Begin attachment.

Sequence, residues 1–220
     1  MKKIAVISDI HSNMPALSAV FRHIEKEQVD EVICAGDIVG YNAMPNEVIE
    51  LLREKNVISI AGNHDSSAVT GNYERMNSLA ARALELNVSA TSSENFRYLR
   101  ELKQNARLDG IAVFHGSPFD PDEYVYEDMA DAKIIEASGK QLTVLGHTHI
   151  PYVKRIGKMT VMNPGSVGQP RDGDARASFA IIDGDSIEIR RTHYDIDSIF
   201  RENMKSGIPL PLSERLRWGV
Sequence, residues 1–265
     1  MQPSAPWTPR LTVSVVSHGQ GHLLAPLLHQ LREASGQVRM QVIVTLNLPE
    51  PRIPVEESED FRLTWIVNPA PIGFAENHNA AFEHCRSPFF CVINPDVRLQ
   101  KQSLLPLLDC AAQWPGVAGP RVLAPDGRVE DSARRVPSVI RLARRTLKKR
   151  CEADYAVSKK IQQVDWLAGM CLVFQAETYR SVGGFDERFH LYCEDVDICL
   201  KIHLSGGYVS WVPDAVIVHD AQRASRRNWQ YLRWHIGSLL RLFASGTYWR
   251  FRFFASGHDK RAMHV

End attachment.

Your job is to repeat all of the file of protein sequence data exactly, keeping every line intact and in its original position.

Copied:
Sequence, residues 1–220
     1  MKKIAVISDI HSNMPALSAV FRHIEKEQVD EVICAGDIVG YNAMPNEVIE
    51  LLREKNVISI AGNHDSSAVT GNYERMNSLA ARALELNVSA TSSENFRYLR
   101  ELKQNARLDG IAVFHGSPFD PDEYVYEDMA DAKIIEASGK QLTVLGHTHI
   151  PYVKRIGKMT VMNPGSVGQP RDGDARASFA IIDGDSIEIR RTHYDIDSIF
   201  RENMKSGIPL PLSERLRWGV
Sequence, residues 1–265
     1  MQPSAPWTPR LTVSVVSHGQ GHLLAPLLHQ LREASGQVRM QVIVTLNLPE
    51  PRIPVEESED FRLTWIVNPA PIGFAENHNA AFEHCRSPFF CVINPDVRLQ
   101  KQSLLPLLDC AAQWPGVAGP RVLAPDGRVE DSARRVPSVI RLARRTLKKR
   151  CEADYAVSKK IQQVDWLAGM CLVFQAETYR SVGGFDERFH LYCEDVDICL
   201  KIHLSGGYVS WVPDAVIVHD AQRASRRNWQ YLRWHIGSLL RLFASGTYWR
   251  FRFFASGHDK RAMHV